“It is weird everyone remembers that one because most of Beasant’s saves in the first half hung in the air far more. But people forget that we had a lot of chances too.”
Wimbledon FC players Lawrie Sanchez and David Beasant celebrate the FA Cup upset over Liverpool. (AP Photo/Bob Dear)
Liverpool fans were no doubt heart-broken, but neutrals like me were delighted. This wasn’t because Wimbledon played attractively. The players were unsubtle to the point of brutality, and their attacks were unimaginative: a hoof up the pitch and a scramble in the goalmouth. We watched because of what they represented: hope.
Even in Britain, even then, most people only followed the top clubs – Manchester United, Chelsea, Liverpool, Arsenal, the usual boring suspects — but these global mega-brands are just the glittering summit of a tall and broad pyramid. The Premier League is connected to the one beneath it, and that to the one below that. Finish at the bottom of the league, and you go down and down and down, all the way to the bottom, where games are played on Sundays by 22 blokes in a park.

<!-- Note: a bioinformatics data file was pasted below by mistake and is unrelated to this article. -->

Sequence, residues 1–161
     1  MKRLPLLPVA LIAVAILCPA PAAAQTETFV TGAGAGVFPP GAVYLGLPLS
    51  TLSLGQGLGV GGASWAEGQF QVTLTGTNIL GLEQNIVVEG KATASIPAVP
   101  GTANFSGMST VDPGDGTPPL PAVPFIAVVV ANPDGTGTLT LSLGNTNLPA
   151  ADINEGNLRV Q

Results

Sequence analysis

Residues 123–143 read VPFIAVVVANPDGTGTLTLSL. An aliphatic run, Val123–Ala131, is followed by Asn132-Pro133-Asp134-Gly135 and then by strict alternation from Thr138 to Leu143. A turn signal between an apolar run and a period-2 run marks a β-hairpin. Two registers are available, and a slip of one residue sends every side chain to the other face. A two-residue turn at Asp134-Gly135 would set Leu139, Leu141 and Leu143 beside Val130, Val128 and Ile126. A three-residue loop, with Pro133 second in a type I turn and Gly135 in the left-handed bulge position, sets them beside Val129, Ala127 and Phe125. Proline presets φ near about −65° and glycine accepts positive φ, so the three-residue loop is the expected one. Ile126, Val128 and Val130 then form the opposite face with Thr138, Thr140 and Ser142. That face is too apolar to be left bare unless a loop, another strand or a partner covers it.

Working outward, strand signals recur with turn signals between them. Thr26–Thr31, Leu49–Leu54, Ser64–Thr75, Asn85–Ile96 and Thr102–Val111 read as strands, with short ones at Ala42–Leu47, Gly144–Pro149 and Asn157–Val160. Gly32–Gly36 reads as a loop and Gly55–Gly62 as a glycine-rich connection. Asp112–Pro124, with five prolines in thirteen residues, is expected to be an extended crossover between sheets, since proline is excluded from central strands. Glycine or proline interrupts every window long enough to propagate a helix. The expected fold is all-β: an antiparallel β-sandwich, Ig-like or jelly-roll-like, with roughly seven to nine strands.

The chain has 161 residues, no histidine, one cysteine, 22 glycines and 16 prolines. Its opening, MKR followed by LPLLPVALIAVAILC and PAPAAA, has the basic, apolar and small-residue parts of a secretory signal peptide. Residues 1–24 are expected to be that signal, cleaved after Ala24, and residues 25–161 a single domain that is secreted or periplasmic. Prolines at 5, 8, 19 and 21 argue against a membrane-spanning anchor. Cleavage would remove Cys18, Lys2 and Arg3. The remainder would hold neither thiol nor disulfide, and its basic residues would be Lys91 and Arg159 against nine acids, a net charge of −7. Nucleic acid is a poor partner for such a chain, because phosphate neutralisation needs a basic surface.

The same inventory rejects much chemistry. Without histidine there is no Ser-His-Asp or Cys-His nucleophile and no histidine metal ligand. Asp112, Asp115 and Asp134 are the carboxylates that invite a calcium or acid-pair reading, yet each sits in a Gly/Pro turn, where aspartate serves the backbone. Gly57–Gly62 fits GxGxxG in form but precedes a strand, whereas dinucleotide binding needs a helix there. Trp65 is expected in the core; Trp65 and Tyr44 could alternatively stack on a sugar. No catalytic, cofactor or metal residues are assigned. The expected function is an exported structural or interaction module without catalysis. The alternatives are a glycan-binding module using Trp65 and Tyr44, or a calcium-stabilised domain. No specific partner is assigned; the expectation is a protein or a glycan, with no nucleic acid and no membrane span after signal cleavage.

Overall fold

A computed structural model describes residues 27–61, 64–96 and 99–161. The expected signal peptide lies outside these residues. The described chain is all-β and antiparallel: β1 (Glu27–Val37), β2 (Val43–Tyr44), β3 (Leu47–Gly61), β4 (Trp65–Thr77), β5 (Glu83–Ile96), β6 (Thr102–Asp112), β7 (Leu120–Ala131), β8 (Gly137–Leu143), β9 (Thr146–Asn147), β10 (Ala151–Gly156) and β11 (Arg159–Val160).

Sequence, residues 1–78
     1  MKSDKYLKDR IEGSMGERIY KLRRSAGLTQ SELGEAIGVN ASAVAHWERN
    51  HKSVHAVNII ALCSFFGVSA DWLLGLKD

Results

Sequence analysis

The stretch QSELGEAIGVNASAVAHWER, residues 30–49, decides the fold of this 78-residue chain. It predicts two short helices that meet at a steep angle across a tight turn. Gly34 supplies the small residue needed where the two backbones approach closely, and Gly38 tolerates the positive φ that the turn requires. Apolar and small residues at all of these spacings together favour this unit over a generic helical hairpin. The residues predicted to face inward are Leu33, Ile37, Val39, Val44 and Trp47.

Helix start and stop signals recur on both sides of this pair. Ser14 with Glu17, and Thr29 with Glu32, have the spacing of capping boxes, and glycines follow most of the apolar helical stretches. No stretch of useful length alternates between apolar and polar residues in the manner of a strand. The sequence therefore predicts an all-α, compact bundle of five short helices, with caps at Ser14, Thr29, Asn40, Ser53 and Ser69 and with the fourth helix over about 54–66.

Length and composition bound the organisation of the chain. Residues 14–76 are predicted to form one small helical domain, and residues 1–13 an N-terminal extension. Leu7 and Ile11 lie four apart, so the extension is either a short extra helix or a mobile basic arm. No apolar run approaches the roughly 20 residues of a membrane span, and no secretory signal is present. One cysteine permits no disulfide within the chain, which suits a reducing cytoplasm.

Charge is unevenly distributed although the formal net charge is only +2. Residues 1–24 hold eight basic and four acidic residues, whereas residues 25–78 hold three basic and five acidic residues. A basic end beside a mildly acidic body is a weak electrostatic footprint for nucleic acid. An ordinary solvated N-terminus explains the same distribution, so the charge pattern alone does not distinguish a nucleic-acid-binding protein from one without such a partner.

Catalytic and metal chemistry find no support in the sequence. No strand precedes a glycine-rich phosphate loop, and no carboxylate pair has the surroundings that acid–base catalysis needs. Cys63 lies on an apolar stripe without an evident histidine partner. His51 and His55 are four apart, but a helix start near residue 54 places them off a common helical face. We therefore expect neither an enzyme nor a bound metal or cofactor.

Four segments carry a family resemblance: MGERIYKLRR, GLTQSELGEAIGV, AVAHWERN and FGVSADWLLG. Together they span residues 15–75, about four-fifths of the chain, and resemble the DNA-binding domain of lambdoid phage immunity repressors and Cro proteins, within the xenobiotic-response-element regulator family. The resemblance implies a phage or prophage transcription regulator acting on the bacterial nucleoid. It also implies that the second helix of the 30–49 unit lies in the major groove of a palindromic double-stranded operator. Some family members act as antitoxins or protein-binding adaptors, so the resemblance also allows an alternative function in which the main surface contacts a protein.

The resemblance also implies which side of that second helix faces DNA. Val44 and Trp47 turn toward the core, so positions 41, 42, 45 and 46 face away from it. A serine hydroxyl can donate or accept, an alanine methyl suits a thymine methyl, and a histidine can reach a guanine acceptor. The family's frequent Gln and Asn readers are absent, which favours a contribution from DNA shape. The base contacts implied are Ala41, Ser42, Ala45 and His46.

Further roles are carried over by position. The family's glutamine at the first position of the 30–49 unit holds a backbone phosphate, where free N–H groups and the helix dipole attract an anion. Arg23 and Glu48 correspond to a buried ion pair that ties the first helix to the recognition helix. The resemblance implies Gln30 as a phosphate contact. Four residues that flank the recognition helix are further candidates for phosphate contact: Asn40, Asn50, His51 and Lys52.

Wimbledon only climbed into the full-time Football League in 1977. Yet, here they were, barely a decade later, winning the greatest prize of all. If Wimbledon could do it, could come bursting out of unfashionable south London and beat the best, then so could anyone. It should have been a movie.
“To talk about the Wimbledon story, it started a long time before the FA Cup win, the real romance of it started a long time before that and this is the point, this is what a lot of people don’t realise. And I think that to write a true story about us, you need to know that very early history,” explained Ivor Heller, a local businessman who started following the Dons, aged 11, in the 1970s.